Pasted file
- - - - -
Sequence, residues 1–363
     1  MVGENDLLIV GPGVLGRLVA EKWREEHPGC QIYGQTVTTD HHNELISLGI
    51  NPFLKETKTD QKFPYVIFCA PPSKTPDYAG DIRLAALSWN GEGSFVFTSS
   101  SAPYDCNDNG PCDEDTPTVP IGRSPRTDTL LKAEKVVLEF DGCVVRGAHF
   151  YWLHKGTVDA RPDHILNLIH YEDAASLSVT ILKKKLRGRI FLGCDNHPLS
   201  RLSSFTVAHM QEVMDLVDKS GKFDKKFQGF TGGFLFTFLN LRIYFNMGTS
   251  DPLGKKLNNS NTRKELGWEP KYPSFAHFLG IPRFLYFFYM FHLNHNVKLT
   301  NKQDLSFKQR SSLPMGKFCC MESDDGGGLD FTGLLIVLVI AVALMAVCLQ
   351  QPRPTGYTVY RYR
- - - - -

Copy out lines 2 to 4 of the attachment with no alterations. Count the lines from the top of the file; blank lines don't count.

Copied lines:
     1  MVGENDLLIV GPGVLGRLVA EKWREEHPGC QIYGQTVTTD HHNELISLGI
    51  NPFLKETKTD QKFPYVIFCA PPSKTPDYAG DIRLAALSWN GEGSFVFTSS
   101  SAPYDCNDNG PCDEDTPTVP IGRSPRTDTL LKAEKVVLEF DGCVVRGAHF